In computer networking, network traffic control is the process of managing, controlling or reducing the network traffic, particularly Internet bandwidth, e.g. by the network scheduler.

NPL network

NPL Data Communications Network
Throughout the 1960s, Paul Baran, and Donald Davies independently developed the concept of packet switching to transfer information between computers over a network. Davies pioneered the implementation of the concept with the NPL network, a local area network at the National Physical Laboratory (United Kingdom) using a line speed of 768 kbit/s.
The NPL Network or NPL Data Communications Network was a local area computer network operated by a team from the National Physical Laboratory in England that pioneered the concept of packet switching.

Wide area network

WANWANswide area networks
In 1966, Thomas Marill and Lawrence G. Roberts published a paper on an experimental wide area network (WAN) for computer time sharing.
A wide area network (WAN) is a telecommunications network or computer network that extends over a large geographical distance/place.

OGAS

In 1959, Anatolii Ivanovich Kitov proposed to the Central Committee of the Communist Party of the Soviet Union a detailed plan for the re-organisation of the control of the Soviet armed forces and of the Soviet economy on the basis of a network of computing centres, the OGAS.
OGAS (Общегосударственная автоматизированная система учёта и обработки информации, All-State Automated System) was a Soviet project to create a nationwide information network.

Instant messaging

instant messengerIMinstant message
Computer networks support an enormous number of applications and services such as access to the World Wide Web, digital video, digital audio, shared use of application and storage servers, printers, and fax machines, and use of email and instant messaging applications as well as many others.
Instant messaging is a set of communication technologies used for text-based communication between two or more participants over the Internet or other types of networks.

Ethernet

wiredJabbernetworking
In 1973, Robert Metcalfe wrote a formal memo at Xerox PARC describing Ethernet, a networking system that was based on the Aloha network, developed in the 1960s by Norman Abramson and colleagues at the University of Hawaii. In July 1976, Robert Metcalfe and David Boggs published their paper "Ethernet: Distributed Packet Switching for Local Computer Networks" and collaborated on several patents received in 1977 and 1978. In 1979, Robert Metcalfe pursued making Ethernet an open standard. A widely adopted family of transmission media used in local area network (LAN) technology is collectively known as Ethernet.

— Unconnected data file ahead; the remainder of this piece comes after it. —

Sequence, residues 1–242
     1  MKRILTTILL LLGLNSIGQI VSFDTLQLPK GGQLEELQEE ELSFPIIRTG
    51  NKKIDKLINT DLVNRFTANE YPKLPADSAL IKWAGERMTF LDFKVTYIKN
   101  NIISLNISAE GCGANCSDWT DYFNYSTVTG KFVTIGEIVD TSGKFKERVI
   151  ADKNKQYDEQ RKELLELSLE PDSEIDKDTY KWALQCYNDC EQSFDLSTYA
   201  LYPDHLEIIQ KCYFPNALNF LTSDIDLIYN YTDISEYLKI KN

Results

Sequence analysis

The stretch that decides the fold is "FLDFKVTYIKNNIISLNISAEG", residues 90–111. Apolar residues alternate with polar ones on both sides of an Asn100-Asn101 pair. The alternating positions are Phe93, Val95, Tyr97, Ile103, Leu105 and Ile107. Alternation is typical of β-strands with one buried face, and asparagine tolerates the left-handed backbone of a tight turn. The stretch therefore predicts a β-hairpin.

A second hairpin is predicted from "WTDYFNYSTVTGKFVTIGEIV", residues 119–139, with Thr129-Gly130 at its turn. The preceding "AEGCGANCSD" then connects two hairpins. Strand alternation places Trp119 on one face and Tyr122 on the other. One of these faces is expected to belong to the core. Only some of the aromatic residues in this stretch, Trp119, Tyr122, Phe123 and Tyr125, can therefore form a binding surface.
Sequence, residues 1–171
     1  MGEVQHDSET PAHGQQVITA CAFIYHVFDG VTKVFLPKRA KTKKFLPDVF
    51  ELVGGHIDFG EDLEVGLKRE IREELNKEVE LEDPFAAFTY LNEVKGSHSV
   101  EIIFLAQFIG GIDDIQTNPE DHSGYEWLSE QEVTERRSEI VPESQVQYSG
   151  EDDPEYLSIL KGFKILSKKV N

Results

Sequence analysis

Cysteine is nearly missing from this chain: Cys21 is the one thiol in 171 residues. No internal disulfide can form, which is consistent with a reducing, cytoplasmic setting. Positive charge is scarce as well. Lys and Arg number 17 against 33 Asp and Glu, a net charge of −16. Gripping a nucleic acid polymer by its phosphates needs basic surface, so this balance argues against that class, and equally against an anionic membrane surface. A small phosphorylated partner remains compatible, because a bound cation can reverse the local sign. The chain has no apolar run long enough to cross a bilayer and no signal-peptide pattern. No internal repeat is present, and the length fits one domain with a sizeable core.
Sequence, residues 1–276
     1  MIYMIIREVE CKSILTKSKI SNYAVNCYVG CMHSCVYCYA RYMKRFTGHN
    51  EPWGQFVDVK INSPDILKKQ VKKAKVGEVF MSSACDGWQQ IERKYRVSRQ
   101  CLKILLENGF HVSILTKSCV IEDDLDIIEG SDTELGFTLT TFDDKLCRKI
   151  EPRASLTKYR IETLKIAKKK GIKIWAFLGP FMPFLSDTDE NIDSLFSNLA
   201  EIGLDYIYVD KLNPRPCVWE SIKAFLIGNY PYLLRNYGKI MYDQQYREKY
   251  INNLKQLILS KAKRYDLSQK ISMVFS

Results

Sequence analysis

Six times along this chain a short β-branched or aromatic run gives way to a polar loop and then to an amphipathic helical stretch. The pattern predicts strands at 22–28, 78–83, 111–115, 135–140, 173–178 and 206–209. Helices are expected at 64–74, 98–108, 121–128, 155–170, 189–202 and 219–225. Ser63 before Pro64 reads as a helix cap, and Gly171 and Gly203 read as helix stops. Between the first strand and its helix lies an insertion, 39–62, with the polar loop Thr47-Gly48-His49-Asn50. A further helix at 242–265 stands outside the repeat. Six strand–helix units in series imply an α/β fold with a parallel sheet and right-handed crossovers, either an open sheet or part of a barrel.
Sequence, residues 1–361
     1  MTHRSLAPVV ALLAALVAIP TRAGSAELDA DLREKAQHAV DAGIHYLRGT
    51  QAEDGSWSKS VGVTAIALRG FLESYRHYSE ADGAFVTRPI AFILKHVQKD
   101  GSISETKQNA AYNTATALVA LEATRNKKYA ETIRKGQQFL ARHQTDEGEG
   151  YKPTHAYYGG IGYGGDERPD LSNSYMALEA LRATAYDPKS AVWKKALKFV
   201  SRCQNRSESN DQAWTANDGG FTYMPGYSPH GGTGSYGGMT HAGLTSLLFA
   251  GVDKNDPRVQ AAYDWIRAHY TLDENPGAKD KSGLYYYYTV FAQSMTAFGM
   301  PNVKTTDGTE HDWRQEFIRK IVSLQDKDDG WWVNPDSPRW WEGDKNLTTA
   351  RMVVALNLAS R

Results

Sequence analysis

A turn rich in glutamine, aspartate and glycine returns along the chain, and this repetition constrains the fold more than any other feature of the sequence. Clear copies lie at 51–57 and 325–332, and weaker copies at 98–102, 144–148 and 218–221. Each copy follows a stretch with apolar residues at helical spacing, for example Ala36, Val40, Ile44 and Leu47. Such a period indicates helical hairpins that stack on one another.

Ethernet is a family of computer networking technologies commonly used in local area networks (LAN), metropolitan area networks (MAN) and wide area networks (WAN).

CYCLADES

In 1973, the French CYCLADES network was the first to make the hosts responsible for the reliable delivery of data, rather than this being a centralized service of the network itself.
The CYCLADES computer network was a French research network created in the early 1970s.

Donald Davies

Donald Watts DaviesDavies, Donald W.Donald W. Davies, CBE, FRS
Throughout the 1960s, Paul Baran, and Donald Davies independently developed the concept of packet switching to transfer information between computers over a network. Davies pioneered the implementation of the concept with the NPL network, a local area network at the National Physical Laboratory (United Kingdom) using a line speed of 768 kbit/s.
In 1965 he developed the concept of packet switching, which is today the dominant basis for data communications in computer networks worldwide, and implemented it in the NPL network.

ALOHAnet

Alohaslotted ALOHAALOHA network
In 1973, Robert Metcalfe wrote a formal memo at Xerox PARC describing Ethernet, a networking system that was based on the Aloha network, developed in the 1960s by Norman Abramson and colleagues at the University of Hawaii. In July 1976, Robert Metcalfe and David Boggs published their paper "Ethernet: Distributed Packet Switching for Local Computer Networks" and collaborated on several patents received in 1977 and 1978. In 1979, Robert Metcalfe pursued making Ethernet an open standard.